tions (Topor et al. 2006) or in the sense of being outside
qualitative studies of dialogical practices (e.g., Be et al.
society, deprived of civil rights or citizenship (Andersen
2013; Grosas 2010; Hauan 2010; Holmesland et al. 2010;
and Svensson 2012; Mezzina et al. 2006; Tew et al. 2012).
Lidbom et al. 2014; Ropstad 2010; Ulland et al. 2013),
Experiences and accounts of recovering similarly point
from which this study emerged.
to the significance of relations and social aspects (Schon
et al. 2009; Topor et al. 2006) and the qualities of the
The Perspective of Lived Experience communication they are involved in (Guregard and Sei-
kkula 2014; Lidbom et al. 2014). In one study, Mezzina
Mental health can be, and has been, explored from various et al. conclude that recovery could be seen as an ongoing
perspectives; for instance, through observation and the interpersonal and social process in which the significance
descriptions of the observer or through neurobiological of others can be expressed in terms of standing alongside
approaches made possible by technological advances. Such me, being there for me, or doing more for me
approaches may represent a kind of externalism related (Mezzina et al. 2006, pp. 63, 68, 77). Choosing carefully
to mental health (Wifstad 2008) that fails to include the whom to turn to for help and doing this through making
subjective perspective found in the lived experience or the sound judgments about persons available is described as an
lifeworld of the ones suffering (Kogstad et al. 2014). From important aspect (Topor and Di Girolamo 2010). Addi-
this recognition of a bias, leading to a neglect of peoples tionally, material aspects such as having a home and hav-
lived experiences of suffering and recovering, we now see ing an occupation and money are directly or indirectly
a growing body of studies from the perspective of lived conditions for access to social arenas that are important
experience (e.g., Borg and Davidson 2007; Davidson et al. during recovery (Borg et al. 2005; Topor et al. 2011) and

476 Contemp Fam Ther (2014) 36:474484

the significance of dealing with crises in an everyday life and answerability (Bakhtin) seem to be fundamental in the
context is emphasized (Borg and Davidson 2007; Winness dynamics of change. We become, and change, in a realm of
et al. 2010). Social aspects also seem to include being able intersubjective responsiveness as our acts, thoughts, and
to accept support from family, friends, or services as well feelings are adressive in nature and originate as responses
as being able to give support to others (Schon et al. 2009). to others. This responsive becoming take place in the event.
Some of these studies suggest that mental health perhaps Becoming happens.
should be understood as a relational and social concept Dastur (2000), in her article The Phenomenology of the
belonging to the interpersonal, social, and political domain Event, explores these relations between the event, time,
(e.g. Andersen and Svensson 2012; Mezzina et al. 2006; and human becoming. The experience of time as a suc-
Strong et al. 2014). cession of events, she says, requires () not to be
This research indicates that further advances in mental completely immersed in time (p. 179), and human
health could be made through exploration of (1) the social becoming is found in a multifaceted kind of temporal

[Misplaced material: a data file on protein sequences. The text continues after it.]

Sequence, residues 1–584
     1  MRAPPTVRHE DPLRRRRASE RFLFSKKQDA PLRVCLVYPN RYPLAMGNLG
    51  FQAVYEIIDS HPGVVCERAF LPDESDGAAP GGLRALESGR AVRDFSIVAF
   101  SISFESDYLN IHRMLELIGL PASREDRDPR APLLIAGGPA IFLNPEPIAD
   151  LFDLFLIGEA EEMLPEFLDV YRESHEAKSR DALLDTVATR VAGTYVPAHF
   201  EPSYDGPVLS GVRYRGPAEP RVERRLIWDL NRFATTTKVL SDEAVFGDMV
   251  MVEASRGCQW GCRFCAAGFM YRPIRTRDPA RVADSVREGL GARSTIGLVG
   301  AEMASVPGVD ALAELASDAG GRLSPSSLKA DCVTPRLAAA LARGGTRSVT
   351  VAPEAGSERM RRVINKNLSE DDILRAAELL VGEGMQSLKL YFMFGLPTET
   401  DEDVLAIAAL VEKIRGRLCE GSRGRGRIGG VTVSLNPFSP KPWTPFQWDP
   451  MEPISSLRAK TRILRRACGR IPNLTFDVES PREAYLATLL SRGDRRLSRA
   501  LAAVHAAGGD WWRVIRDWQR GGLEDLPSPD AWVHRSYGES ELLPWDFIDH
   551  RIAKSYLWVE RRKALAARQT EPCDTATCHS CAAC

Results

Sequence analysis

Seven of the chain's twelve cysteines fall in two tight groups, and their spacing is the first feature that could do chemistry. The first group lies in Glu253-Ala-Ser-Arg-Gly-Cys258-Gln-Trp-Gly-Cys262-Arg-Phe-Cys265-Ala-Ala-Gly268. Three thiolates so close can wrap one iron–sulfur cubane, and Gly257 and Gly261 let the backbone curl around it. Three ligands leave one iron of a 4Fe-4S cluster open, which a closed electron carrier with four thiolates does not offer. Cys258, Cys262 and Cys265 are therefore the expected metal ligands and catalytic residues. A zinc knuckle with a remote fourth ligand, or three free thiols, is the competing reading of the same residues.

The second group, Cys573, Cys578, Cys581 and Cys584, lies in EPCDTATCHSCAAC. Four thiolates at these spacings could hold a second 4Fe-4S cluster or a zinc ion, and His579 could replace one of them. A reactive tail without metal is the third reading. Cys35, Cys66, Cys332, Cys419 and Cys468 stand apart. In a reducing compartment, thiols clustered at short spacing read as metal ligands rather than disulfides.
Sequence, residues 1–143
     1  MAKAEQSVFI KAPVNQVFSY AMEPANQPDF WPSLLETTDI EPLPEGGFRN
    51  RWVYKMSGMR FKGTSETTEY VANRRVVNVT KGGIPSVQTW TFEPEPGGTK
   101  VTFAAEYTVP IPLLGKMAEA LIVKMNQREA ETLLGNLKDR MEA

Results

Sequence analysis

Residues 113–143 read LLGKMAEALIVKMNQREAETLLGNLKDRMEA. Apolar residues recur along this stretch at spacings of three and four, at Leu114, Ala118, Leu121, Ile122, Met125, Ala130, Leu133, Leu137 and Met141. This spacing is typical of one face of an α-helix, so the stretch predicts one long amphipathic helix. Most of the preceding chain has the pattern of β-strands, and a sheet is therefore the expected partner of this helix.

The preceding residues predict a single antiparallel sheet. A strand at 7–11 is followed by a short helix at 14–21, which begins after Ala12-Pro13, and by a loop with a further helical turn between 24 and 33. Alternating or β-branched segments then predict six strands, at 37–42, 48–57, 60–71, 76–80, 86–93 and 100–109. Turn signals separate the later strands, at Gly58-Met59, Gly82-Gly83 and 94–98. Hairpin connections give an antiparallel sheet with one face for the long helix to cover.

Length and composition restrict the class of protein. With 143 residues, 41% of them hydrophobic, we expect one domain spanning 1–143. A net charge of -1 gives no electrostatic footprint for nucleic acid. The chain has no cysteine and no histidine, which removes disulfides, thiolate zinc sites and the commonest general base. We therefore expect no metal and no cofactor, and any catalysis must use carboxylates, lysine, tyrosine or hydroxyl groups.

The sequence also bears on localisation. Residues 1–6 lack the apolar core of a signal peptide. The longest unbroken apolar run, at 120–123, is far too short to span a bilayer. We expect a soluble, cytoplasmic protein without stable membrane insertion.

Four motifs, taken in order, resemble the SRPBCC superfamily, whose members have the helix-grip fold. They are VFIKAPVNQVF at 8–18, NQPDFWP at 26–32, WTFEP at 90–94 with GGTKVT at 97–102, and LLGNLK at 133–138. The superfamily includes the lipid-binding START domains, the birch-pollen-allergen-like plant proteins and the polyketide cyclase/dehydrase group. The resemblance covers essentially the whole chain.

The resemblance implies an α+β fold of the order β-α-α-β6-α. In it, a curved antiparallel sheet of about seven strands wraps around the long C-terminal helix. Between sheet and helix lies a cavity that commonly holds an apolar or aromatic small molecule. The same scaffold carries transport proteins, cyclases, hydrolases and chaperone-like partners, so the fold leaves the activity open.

aspects of processes of change related to a variety of social relating: to what has happened (the past), in experience,
arenas, (2) practices where social network perspectives are and to ones own possibilities (the future), in anticipation.
included, and 3) the socialrelational aspects of the phe- We never experience the events of life as contempora-
nomena that we refer to as mental health difficulties. This neous, she says, only () in a past time, in the mode of
was the origin of the present study. it happened to me (p. 186), in a kind of After Event (p.
183). Lived experience emerges in delay, relating to what
Theoretical Perspectives (just) happened.
Shotter (2005, 2012) explores the significance of relat-
In the following, we will give a brief sketch of some ideas ing to the future, to what is about to happen, and suggests
and perspectives that helped us in our process of inter- that we orient ourselves, and move, from sensing and
pretative analysis. In a corporeal turn (Sheets-Johnstone imagining the continuance of what is happening. Our
2009) within the phenomenological tradition, we find the movements are conditioned by this sense of the future
recognition of the body as a point of departure in exploring through action guiding anticipations (Shotter 2005).
human living and experience. Bodily movement and the Shotter refers to a quote from Kierkegaard: We live for-
way that we experientially relate to the movement, our own wards, but only understand backwards (Shotter 2012,
and others, should be at the core of investigations into p. 136). He adds to this that the steps that we take seem to
human existence (Gallagher 2012; Gallese 2005; Merleau- gain their landscape from a judgment in which our sensing
Ponty 2011; Quillman 2012; Sheets-Johnstone 2011; and imagining of what is yet to be, the future, are
Shotter 2010). included. We move and relate to movements both by
Movement involves the categories of time and space, looking backward (relating to the past) and by look-
and phenomenological perspectives suggest that time and ing forward (relating to the future).
space should be examined in terms of something that we These perspectives seemed to reveal significant aspects
experience and not something objectively (pre)given of the experiences described by the adolescents and were
(Dastur 2000; Merleau-Ponty 2011; Tucker 2013). Time used as aids in organizing and interpreting their lived
and space are experiential realities that emerge from our experiences.
interplay with the world and others in the world (Sheets-
Johnstone 2009). In this study, such a notion provided the Aim of Study and Research Questions
possibility of interpreting the descriptions of the respon-
dents as experiences of movement taking place in what we The aim of this study was to explore the social dynamics of